3/26/2011

Kimono lecture and workshop at US University

I'm shocked by the Japanese disaster. I appreciate you for many cordial messages. I pray for Japan. I believe people in Japan will handle their grief, overcome various difficulties and step forward again. I should also step forward again. 
Hiro


On February 15th, I did a kimono workshop at William Paterson Univ. This workshop was offered by Consulate-General of Japan in New York.

First 30 minutes, I made a speech.
The details are ;
• What is Kimono?
• History of Kimono
• Kimono and Japanese Culture
• Kitsuke, Kimono Dressing
• Introduction of My Work

To my surprise, students were particularly interested in my work in the United States. I got a many questions about details of my work and my background. There was a student who is studying Japanese fashion, so I would be happy if my work will be somewhat helpful for her.

After my speech, there was one hour active learning program. Students tried to dress kimono!

Most of them were for the first time to touch kimono. It is difficult to “impart the technique” of how to wear kimono.

When I learned traditional Japanese dress making in Japan, my teacher did not say a word when I was doing wrong thing. She just waited and watched what I was doing. To reduce the time, it was better for her to help me. And when I opened kimono dressing class and started to teach my students, I reminded the teacher. I sometimes feel to help students. But when I resist temptation to help them, they started to think by themselves.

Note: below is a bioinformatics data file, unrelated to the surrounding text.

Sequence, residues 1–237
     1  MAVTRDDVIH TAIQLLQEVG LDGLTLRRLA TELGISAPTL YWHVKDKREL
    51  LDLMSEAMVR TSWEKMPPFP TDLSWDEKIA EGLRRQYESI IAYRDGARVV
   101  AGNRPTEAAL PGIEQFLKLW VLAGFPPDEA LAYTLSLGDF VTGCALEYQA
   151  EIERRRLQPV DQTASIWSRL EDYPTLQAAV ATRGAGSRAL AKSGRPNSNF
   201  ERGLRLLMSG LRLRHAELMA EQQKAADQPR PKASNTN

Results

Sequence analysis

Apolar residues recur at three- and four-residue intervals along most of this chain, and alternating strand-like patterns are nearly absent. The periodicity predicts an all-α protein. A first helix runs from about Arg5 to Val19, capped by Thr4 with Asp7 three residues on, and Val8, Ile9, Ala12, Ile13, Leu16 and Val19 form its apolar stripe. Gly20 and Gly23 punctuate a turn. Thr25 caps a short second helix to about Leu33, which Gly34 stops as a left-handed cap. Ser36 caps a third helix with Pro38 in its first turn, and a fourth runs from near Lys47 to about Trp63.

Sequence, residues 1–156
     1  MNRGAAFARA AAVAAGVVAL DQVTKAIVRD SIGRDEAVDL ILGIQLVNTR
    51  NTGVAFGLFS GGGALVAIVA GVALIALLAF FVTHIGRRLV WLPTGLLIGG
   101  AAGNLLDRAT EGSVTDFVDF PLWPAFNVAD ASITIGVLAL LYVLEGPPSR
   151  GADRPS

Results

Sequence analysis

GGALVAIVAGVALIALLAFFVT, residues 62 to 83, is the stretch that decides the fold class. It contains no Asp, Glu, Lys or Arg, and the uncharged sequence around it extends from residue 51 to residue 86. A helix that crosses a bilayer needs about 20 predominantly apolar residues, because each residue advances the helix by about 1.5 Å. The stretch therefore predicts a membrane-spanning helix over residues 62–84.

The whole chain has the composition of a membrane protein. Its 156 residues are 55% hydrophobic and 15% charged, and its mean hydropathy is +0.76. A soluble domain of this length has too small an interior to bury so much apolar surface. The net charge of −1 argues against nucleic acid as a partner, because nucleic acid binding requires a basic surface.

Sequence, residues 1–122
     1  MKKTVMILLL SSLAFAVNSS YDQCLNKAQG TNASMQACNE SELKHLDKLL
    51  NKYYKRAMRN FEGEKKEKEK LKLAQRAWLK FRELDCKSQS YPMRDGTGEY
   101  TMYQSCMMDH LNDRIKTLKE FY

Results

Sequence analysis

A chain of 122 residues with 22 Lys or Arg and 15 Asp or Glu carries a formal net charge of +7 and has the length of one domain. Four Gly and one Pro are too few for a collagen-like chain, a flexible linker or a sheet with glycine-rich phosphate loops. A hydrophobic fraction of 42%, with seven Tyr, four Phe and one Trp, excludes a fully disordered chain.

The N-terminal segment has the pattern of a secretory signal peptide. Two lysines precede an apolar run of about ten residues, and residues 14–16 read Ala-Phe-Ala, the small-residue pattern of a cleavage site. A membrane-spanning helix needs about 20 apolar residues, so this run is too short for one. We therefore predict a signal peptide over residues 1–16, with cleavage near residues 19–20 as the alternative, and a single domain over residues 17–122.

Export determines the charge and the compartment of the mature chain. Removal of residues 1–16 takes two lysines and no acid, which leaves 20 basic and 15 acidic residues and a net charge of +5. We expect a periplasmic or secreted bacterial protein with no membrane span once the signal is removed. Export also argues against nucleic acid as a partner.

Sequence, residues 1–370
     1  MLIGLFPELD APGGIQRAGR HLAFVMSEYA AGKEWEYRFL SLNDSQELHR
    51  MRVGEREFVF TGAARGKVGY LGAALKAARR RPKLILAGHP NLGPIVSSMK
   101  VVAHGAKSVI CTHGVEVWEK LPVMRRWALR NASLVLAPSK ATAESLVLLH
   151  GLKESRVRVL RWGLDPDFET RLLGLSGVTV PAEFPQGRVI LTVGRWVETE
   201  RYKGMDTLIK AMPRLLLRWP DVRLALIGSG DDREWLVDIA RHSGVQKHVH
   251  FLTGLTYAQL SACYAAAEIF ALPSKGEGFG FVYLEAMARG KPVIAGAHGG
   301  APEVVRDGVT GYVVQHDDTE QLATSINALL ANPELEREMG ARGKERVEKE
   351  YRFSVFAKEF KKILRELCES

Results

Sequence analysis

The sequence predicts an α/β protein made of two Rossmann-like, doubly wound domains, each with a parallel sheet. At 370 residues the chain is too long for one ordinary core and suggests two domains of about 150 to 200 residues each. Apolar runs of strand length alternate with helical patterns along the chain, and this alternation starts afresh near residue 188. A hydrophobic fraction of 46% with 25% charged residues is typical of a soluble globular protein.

I heard about the Japanese volunteers who are making well in the developing country at Tokyo Univ. The speaker said, “When we just show developing people how to make a well, they are just watching. But when we make a well with them, they started to think by themselves and interested in “the meaning of what they are doing”. And to repeat this procedure, they began to make a well by themselves. And this prompts their independent”.

When I taught how to dress kimono to the students at the University, first I did not help them. Just watch. But since the students could not wear the kimono, some of the students who were watching them said “I will help you!” and started to help them dress kimono. I think touching kimono is more important than dressing kimono completely. And think by themselves, memorize sensations in their hands and increase their sensibility.

You may see their work from the picture below. They achieved some significant job!










I taught the students, but for me, I learned a lot from the students. After the workshop some of the students asked me a lot of questions and help us clean up the kimono. I want to meet them in the future. 

This is a group shot with the students.